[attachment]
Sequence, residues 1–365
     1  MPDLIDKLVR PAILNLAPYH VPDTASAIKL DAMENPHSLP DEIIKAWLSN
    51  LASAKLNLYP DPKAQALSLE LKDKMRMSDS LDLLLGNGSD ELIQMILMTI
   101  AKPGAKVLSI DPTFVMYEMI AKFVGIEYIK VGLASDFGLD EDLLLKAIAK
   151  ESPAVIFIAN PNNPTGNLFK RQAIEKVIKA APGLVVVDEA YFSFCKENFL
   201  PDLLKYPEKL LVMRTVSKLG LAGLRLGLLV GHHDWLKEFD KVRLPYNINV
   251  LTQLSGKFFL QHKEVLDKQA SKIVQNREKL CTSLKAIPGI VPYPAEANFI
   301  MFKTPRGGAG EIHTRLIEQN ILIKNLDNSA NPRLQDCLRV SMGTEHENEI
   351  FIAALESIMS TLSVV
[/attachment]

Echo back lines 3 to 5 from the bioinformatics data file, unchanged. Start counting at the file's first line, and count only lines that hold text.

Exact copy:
    51  LASAKLNLYP DPKAQALSLE LKDKMRMSDS LDLLLGNGSD ELIQMILMTI
   101  AKPGAKVLSI DPTFVMYEMI AKFVGIEYIK VGLASDFGLD EDLLLKAIAK
   151  ESPAVIFIAN PNNPTGNLFK RQAIEKVIKA APGLVVVDEA YFSFCKENFL